Ban should be strict
One of the major environmental concerns that the world and more particularly the developing nations face is the extra use of single use plastic (SUP) items which in the long run are proving disastrous to the environment.
Though various measures were announced by the government from time to time to tackle this issue but as always various quarters have been opposing the move forcing the government to initiate a complete ban on single use plastic items across the country.
Interestingly, the ban on certain single-use plastic items kicks in India from today with state governments initiating an enforcement campaign to identify and close down units engaging in production, distribution, stocking and sale of such items.
Though several manufacturers have said they are not prepared to implement the ban due to a lack of alternatives, the government has this time round conveyed its message that no more extensions will be offered on this front.
The Central Pollution Control Board (CPCB) in one of its reports has claimed that India generates around 2.4 lakh tonnes of SUP per annum. The per capita SUP production is 0.18 kg per year, and this is quite high compared to many other nations across the globe.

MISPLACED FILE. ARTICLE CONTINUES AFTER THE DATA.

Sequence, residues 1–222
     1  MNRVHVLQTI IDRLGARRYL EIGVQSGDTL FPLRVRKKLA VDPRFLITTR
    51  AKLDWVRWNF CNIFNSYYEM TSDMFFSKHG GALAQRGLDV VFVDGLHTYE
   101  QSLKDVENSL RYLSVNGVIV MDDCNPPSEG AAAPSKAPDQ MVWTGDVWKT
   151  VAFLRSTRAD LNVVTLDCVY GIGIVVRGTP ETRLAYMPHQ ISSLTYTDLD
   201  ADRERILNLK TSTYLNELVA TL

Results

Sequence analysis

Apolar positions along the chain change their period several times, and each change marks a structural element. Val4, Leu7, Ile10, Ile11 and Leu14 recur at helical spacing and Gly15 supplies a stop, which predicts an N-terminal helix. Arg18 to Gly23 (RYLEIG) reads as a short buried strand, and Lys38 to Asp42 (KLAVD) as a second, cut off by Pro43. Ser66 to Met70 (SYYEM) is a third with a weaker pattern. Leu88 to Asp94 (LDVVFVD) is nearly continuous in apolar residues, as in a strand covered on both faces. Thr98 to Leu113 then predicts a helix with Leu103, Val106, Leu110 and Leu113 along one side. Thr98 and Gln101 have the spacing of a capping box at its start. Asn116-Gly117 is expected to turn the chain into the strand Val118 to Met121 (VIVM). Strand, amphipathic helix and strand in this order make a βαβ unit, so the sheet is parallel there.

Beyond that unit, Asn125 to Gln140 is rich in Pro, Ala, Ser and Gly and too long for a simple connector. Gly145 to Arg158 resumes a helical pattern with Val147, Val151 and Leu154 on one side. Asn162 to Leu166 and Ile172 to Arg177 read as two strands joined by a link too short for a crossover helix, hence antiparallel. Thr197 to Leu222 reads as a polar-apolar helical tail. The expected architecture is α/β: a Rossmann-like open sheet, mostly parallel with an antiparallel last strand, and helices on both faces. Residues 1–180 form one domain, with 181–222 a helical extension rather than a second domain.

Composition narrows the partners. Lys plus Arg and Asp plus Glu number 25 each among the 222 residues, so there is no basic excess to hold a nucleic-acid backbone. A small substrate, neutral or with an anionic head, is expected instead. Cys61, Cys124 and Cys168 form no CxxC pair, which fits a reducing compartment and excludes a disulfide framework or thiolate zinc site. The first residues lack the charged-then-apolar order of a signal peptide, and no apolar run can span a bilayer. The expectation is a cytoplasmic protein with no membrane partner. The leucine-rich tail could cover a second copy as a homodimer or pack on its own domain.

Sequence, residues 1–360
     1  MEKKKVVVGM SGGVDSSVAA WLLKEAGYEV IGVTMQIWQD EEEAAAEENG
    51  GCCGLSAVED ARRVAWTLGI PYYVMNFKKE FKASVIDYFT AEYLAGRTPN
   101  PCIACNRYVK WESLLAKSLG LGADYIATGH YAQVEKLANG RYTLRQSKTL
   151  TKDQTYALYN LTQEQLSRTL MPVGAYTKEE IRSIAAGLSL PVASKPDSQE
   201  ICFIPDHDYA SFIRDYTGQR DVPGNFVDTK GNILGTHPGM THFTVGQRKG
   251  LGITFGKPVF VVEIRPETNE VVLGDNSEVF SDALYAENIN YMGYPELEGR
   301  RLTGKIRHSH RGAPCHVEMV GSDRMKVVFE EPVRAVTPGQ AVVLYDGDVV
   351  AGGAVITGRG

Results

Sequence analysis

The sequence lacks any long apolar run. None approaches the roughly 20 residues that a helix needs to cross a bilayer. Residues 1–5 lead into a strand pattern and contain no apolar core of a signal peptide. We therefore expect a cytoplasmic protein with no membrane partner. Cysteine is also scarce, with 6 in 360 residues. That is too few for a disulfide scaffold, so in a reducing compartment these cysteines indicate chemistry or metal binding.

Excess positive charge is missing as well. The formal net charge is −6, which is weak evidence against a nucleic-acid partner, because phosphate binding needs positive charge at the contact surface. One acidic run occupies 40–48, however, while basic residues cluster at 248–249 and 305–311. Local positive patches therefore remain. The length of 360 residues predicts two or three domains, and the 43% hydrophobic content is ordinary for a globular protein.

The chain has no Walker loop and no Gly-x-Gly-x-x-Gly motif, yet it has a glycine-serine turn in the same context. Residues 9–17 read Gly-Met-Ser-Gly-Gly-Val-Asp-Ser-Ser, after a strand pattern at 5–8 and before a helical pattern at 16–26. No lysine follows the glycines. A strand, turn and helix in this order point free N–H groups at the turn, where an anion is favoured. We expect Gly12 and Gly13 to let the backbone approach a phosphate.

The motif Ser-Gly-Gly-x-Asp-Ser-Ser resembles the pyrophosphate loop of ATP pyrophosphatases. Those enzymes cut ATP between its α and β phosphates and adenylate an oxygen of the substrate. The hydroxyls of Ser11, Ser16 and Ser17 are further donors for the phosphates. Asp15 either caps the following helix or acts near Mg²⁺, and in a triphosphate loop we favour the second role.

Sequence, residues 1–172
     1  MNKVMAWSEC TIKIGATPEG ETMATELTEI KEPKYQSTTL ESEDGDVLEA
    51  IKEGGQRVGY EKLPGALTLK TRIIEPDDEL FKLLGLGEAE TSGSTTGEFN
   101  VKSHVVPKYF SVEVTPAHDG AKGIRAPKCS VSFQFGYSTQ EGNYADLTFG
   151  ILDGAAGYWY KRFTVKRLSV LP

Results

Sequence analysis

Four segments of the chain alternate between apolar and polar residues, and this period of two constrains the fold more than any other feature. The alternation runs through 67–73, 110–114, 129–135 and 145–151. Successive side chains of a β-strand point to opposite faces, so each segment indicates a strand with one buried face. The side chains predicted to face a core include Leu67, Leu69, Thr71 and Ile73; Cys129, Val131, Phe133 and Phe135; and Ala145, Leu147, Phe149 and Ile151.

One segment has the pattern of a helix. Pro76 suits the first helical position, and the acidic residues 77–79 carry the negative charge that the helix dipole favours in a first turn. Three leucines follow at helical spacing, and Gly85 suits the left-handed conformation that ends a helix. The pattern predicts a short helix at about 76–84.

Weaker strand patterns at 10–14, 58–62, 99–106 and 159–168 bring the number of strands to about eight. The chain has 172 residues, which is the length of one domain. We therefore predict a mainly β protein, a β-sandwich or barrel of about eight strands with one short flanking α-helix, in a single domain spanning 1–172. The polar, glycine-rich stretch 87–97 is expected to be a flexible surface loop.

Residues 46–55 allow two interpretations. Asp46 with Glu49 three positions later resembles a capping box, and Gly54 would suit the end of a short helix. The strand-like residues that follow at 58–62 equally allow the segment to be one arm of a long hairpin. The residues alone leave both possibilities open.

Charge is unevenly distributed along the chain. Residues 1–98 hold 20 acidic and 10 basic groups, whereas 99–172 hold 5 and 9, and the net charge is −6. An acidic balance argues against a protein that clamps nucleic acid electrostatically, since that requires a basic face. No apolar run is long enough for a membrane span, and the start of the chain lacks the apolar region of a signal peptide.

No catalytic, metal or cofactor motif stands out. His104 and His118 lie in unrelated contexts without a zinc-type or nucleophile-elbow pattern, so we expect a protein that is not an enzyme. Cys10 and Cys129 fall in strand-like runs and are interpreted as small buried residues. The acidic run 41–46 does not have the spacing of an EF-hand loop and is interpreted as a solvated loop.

On August 12 last year, the ministry had issued a notification prohibiting manufacture, import, stocking, distribution, sale and use of identified SUP commodities, including polystyrene and expanded polystyrene from July 1, 2022.
The identified SUP items include earbuds, plastic sticks for balloons, flags, candy sticks, ice-cream sticks, polystyrene (thermocol), plates, cups, glasses, forks, spoons, knives, straws, trays, wrapping or packaging films around sweets boxes, invitation cards, cigarette packets, plastic or PVC banners of less than 100 microns, and stirrers.
The ban has been announced from today and violation of the ban will invite punitive action, including a fine or a jail term or both, detailed under Section 15 of the Environment Protection Act (EPA) and under bylaws of respective municipal corporations.
Importantly, the government has readied itself for imposing the ban in latter and spirit and for this national and state-level control rooms have been set up and special enforcement teams formed to check illegal manufacture, import, stocking, distribution, sale and use of banned SUP items. Even the states and Union Territories have been asked to set up border checkpoints to stop the interstate movement of any banned SUP items.
Notably, plastic used for packaging in the FMCG sector is not banned but will be covered under the Extended Producer Responsibility (EPR) guidelines. The EPR is a producer’s responsibility to ensure environmentally-sound management of the product until the end of its life.
The ban on (SUP) items needs to be welcomed by one and all. The use of plastic in our day to affairs is increasing fast and our dependence on such products is also increasing.
This makes it all the more important so that the plastic waste that we generate is curtailed so that we also contribute our bit to help conserve the environs rather than damaging it further.